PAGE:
Adrian A. Durlester

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Random Musing Before Shabbat
Intermediate Shabbat of Passover 5766

A Lily Among Thorns

I've little to say this week. I continue to plumb the depths of Ezekiel's valley of dry bones, of the second set of lukhot habrit (the tablets of the covenant) and of the 13 attributes G''d ascribes to G''d's self. All worthy topics of study, and I commend them to you. (You can read my earlier musings-see the list at the end of this musing.)

I'm spending my time reading and re-reading and plumbing the depths of Shir HaShirim, the Song of Songs. Erotic love poetry? A metaphor for the relationship between Israel and G''d? All of the above? None of the above?

It's a text we often avoid. Even grown-ups grin and get odd looks on their faces when reading a verse out loud. Yet I recall one Seder many years ago using a haggadah that included many readings from Shir HaShirim. While many at the Seder table, as their turn came, read these passages from Shir HaShirim somewhat awkwardly, there were two grandparents at this Seder table who lovingly read their passages from Shir HaShirim when their turns came. No giggles, no awkwardness. You could feel the love passing between them. It mattered not that it may have been ages since either of them had the ability to run and leap like a gazelle. It was clear that, to each other, they still saw themselves as two young lovers, like the lovers in Shir HaShirim.

They had something that perhaps others in the room did not. Perhaps our distance, our awkwardness with Shir HaShirim stems from our inabilities, for whatever reasons, to identify with the young lovers of the text. Yet one needn't be young to delight in one's lover. One can capture another's heart at any age.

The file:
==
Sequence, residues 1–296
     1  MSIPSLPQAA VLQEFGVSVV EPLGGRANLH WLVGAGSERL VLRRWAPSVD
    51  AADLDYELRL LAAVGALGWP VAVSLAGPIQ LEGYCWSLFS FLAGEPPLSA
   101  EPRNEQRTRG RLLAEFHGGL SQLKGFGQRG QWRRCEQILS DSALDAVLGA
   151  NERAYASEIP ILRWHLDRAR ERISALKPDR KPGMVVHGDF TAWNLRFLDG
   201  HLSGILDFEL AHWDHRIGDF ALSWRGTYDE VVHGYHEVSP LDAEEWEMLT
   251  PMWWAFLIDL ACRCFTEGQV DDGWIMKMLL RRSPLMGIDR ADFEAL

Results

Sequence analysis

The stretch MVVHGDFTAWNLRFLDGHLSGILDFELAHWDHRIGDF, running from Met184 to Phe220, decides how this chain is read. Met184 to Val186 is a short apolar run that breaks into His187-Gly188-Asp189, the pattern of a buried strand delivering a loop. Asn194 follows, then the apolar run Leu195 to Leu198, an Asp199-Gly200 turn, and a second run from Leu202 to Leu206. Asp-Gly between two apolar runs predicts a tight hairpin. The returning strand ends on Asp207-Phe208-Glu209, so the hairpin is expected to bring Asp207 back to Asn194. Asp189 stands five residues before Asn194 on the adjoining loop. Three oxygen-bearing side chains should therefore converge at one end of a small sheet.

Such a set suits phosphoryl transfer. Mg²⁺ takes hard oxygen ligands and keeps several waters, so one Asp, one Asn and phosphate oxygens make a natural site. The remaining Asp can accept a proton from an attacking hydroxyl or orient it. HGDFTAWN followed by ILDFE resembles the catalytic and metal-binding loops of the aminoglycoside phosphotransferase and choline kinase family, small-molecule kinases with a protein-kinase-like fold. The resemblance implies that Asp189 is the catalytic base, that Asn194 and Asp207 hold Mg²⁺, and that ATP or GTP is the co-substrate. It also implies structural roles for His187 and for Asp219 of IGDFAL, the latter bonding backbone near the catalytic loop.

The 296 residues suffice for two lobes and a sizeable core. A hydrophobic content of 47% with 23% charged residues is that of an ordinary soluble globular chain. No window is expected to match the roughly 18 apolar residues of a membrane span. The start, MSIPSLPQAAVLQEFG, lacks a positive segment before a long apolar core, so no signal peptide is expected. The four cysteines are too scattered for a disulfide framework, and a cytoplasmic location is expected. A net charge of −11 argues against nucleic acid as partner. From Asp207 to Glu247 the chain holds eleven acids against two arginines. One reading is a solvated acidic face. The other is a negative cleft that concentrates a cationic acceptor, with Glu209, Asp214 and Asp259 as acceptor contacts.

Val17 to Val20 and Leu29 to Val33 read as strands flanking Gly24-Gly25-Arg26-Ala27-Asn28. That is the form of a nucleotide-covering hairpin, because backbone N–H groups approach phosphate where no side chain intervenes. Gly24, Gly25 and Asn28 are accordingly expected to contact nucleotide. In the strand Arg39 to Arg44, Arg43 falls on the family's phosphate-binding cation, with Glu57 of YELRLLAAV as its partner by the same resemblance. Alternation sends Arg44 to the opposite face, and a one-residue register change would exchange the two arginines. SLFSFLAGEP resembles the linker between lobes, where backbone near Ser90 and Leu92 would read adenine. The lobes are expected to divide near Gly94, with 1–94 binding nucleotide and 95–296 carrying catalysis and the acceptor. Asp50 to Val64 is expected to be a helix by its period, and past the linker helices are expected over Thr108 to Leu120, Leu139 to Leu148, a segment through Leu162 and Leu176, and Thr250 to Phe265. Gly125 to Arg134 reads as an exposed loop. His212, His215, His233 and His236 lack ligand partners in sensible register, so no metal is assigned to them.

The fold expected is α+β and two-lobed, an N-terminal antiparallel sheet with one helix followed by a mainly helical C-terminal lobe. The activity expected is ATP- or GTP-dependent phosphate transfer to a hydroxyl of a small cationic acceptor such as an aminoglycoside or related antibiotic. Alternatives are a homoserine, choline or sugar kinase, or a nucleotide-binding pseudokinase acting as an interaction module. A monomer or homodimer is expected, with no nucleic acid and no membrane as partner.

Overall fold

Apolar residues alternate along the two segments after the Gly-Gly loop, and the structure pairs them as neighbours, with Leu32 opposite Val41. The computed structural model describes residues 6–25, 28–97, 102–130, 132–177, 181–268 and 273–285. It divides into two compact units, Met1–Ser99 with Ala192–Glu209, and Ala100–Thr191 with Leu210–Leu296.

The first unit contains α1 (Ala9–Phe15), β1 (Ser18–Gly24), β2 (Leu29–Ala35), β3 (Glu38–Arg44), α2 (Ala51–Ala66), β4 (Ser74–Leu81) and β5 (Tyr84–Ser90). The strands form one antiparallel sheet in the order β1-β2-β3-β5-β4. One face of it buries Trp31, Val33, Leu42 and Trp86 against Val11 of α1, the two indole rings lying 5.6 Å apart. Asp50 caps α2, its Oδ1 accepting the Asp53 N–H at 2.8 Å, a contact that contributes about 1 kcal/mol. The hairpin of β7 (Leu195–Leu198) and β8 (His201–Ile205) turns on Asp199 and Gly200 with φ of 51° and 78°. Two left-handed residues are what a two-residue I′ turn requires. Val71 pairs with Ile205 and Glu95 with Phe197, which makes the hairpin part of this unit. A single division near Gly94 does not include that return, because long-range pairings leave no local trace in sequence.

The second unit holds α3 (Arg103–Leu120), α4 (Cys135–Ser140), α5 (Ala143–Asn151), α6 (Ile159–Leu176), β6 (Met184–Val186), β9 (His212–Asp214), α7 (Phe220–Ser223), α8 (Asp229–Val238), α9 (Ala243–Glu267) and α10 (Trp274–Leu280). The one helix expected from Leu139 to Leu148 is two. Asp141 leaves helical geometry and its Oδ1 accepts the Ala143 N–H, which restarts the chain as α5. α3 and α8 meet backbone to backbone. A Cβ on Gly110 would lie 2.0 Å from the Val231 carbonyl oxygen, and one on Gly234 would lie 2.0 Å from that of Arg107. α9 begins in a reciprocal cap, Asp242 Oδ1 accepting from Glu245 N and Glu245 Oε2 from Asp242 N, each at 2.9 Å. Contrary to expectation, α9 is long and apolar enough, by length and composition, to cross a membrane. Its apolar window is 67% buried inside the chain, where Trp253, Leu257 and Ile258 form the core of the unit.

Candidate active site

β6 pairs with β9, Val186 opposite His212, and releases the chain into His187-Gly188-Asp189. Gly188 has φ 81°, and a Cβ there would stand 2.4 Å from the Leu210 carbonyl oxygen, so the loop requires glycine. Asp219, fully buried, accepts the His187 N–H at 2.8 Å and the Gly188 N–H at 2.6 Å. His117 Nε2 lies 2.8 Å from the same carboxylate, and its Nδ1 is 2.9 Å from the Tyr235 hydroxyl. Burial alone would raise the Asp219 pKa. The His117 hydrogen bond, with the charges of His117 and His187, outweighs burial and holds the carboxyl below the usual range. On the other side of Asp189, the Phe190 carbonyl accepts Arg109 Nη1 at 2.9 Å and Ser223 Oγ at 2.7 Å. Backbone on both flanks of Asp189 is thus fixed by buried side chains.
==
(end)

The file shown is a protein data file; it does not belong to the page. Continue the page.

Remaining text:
And true love--that is truly a love which cannot be quenched by many waters, or drowned by rivers. Yet even today, as Shir HaShirim suggests, if one offers all their wealth for love, they would be laughed at and ridiculed.

Now there's an idea you can turn upside down and inside out and play with its meaning. Is it that, as the Beatles said, "money can't buy me love" ? Or is it that true love is so priceless that one should willingly give up all their wealth for it?

And you thought there wasn't anything in Shir HaShirim worth debating.

Our sacred texts are indeed full of thorns that can sting us. They are also full of hidden groves and grottoes, beautiful fields of blossoms, trees ripe with fruit, lips dripping honey. Yet, amongst all the thorns and beauty in our Tanakh, none stands out as Shir HaShirim -- truly k'shoshanim bein hakhokhim. And like this lily, it sometimes escapes our notice because, unlike so much of Torah, which we find on mountain tops, Shir HaShirim is a shoshanat ha-amakim - a lily of the valleys. Come into the garden that is Shir HaShirim, and enjoy it's luscious fruits. L'cha, dodi.

Hag kasher v'sameakh, and Shabbat Shalom,

©2006 by Adrian A. Durlester

Some Previous Musings on the Same Parasha

Pesach VII 5761 (Revised 5765)
Hol HaMoed Pesach 5764-Dem Bones & Have We Left Gd behind? (5578-60)
Hol Hamoed Pesach 5763-No Empty Gestures (Redux 5762)
5761-Pesach VII-Redundant Anamnesis

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